US stocks and bonds under pressure after gloomy UK inflation data

Stocks and bonds came under pressure on Wednesday after disappointing earnings from US retailer Target weighed on market sentiment already darkened by worse than expected UK inflation data.

Wall Street’s S&P 500 share index was down 0.3 per cent by mid-afternoon in New York, having clawed back declines from earlier in the day as investors appeared to take a dovish interpretation of the minutes from the Federal Reserve’s latest policy meeting. The technology-heavy Nasdaq Composite gauge was down 0.7 per cent.

Target’s shares slid as much as 5 per cent after the US retailer missed earnings expectations for the three months to July 30 and its chief executive spoke of a “very challenging environment”.

The group’s figures were posted just a day after earnings reports from retail bellwether Walmart and do-it-yourself chain Home Depot indicated some resilience in consumer spending despite inflationary pressures affecting customers. The company’s shares later pared some losses.

Those moves came as investors assessed another burst of economic data, starting with higher-than-feared inflation figures for the UK. The country’s consumer price index registered a 10.1 per cent year-on-year increase for July, greater than June’s figure of 9.4 per cent and above economists’ consensus forecast of a 9.8 per cent rise.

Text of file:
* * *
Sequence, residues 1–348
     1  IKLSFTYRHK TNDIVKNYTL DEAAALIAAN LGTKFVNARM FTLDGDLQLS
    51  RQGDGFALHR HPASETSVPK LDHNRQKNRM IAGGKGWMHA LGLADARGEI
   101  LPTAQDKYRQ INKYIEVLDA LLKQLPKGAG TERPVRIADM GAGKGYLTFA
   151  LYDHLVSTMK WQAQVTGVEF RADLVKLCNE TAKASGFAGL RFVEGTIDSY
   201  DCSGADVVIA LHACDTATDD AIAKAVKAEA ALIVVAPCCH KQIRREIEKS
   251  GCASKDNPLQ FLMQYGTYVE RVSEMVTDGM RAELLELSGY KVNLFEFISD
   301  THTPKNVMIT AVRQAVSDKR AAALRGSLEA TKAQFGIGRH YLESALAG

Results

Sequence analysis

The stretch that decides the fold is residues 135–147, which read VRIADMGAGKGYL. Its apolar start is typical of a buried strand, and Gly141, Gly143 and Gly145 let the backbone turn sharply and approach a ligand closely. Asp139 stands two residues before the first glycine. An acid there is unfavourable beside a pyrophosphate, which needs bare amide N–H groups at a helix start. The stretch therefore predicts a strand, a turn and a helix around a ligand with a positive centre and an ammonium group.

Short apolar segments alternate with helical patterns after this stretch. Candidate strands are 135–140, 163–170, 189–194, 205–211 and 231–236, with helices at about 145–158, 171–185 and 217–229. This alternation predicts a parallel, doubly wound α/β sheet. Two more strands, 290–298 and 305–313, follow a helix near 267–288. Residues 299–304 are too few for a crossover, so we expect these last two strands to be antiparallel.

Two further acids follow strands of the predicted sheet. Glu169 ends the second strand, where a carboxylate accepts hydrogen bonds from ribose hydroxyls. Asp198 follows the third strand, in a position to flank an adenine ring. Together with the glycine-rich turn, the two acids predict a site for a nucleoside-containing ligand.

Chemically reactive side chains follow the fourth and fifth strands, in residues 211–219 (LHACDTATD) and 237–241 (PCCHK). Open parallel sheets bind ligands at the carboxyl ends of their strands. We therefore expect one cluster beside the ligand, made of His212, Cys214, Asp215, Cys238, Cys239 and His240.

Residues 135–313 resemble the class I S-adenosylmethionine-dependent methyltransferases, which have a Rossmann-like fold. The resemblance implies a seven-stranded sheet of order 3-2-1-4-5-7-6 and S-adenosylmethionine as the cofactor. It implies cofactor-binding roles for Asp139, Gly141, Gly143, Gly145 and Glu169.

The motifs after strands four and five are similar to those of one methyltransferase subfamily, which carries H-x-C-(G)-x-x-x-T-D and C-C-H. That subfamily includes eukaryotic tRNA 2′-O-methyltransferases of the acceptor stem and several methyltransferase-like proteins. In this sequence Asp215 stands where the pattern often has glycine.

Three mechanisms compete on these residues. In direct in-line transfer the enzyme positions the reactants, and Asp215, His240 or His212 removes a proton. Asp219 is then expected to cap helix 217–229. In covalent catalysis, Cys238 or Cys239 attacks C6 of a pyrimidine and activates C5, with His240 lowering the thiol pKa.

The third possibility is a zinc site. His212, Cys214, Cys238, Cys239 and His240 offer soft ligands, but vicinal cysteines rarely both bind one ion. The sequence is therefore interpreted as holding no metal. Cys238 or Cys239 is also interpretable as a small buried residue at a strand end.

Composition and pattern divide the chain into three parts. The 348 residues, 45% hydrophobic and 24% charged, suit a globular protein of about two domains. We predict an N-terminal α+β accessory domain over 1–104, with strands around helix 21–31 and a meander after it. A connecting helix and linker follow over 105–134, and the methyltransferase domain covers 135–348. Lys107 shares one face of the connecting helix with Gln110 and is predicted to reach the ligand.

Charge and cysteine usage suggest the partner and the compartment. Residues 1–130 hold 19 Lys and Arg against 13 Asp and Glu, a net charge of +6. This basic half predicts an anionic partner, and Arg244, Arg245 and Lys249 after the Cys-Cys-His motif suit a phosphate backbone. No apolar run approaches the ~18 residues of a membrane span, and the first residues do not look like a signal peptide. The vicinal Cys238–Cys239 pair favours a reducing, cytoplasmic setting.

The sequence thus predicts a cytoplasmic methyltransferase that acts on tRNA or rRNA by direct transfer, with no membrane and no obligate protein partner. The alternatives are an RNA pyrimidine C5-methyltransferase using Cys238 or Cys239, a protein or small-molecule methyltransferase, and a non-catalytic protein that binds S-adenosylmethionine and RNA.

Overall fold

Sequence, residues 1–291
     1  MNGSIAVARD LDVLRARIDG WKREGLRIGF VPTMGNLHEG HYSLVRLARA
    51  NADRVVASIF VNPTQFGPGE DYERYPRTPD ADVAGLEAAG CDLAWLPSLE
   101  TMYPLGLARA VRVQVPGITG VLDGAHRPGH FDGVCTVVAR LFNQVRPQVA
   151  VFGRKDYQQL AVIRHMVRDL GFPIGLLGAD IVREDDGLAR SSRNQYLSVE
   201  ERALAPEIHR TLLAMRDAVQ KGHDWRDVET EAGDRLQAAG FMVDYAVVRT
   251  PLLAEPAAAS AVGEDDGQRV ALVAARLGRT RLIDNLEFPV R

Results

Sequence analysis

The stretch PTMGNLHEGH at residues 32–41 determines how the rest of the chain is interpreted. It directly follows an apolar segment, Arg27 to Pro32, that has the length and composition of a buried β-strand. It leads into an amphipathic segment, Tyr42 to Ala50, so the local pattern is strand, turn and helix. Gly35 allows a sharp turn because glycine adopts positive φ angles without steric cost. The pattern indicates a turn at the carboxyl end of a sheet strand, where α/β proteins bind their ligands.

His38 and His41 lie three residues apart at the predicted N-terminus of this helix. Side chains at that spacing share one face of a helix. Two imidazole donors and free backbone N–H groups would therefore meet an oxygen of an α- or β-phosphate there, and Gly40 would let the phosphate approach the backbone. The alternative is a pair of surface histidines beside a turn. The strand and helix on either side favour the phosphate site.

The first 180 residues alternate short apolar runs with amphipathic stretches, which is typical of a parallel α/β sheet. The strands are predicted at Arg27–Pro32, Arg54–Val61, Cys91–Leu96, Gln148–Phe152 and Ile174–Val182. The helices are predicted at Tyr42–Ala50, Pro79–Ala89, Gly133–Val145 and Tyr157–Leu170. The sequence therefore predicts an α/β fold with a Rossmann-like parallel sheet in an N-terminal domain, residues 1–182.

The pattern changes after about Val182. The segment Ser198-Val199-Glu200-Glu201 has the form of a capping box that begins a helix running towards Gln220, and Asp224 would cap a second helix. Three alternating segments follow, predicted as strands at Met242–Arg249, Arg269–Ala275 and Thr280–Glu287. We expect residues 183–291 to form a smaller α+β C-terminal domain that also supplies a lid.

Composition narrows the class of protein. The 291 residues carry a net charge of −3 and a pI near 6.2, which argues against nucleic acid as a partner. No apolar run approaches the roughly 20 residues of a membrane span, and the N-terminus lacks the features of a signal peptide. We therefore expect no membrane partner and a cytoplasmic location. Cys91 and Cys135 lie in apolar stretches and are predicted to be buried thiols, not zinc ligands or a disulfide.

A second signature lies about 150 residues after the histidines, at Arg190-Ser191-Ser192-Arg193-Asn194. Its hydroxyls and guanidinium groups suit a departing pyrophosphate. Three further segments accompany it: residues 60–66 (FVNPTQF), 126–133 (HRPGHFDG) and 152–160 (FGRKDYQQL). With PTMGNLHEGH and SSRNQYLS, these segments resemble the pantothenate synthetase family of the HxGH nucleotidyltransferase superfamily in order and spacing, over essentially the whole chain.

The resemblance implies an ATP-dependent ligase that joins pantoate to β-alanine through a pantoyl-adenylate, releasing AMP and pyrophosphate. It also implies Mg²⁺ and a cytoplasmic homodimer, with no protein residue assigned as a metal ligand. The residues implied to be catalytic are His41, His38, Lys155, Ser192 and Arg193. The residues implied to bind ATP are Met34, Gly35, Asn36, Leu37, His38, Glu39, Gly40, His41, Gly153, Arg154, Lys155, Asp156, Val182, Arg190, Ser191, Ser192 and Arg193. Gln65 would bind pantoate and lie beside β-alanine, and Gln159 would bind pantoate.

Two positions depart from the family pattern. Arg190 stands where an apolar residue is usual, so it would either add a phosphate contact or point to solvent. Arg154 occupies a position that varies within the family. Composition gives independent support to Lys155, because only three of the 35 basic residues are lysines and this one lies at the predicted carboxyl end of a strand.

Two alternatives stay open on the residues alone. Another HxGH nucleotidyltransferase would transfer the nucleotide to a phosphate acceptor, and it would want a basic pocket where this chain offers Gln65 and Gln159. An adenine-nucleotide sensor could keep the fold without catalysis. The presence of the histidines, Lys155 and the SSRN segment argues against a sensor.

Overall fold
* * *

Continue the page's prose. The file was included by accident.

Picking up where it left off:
The UK figures sparked a rout in the country’s short-dated debt, which is sensitive to changes in interest rate expectations, as investors raised their estimates of how high the Bank of England would lift borrowing costs to curb rapid price growth.

The two-year gilt yield surged as much as 0.3 percentage points to 2.45 per cent, its highest since the global financial crisis in 2008. The 10-year gilt yield added as much as 0.19 percentage points to 2.32 per cent. Yields backed off of those highs late in the session.

That selling ricocheted across other countries’ debt markets, with the yield on the 10-year US Treasury note, a proxy for borrowing costs worldwide, rising 0.08 percentage points to 2.89 per cent.

Low summer trading volumes exacerbated the moves in gilts, said Lyn Graham-Taylor, rates strategist at Rabobank. “Gilts have sold off more than I’d expected given the news. The size of that move has dragged Bunds and Treasuries with it.”

The moves in both stocks and bonds eased after the release of the minutes from the Federal Reserve’s latest policy meeting in July at which the central bank raised interest rates by 0.75 percentage points.

The market reaction suggested investors viewed the minutes as dovish despite the fact that they showed that Fed officials had discussed the need to keep interest rates at levels that restrict the US economy “for some time” in a bid to contain the highest inflation in roughly 40 years.

Elsewhere in equity markets, Europe’s regional Stoxx 600 closed down 0.9 per cent, while Germany’s Dax slipped 2 per cent. In Asia, Japan’s Topix index closed up 1.3 per cent, while Hong Kong’s Hang Seng rose 0.5 per cent.

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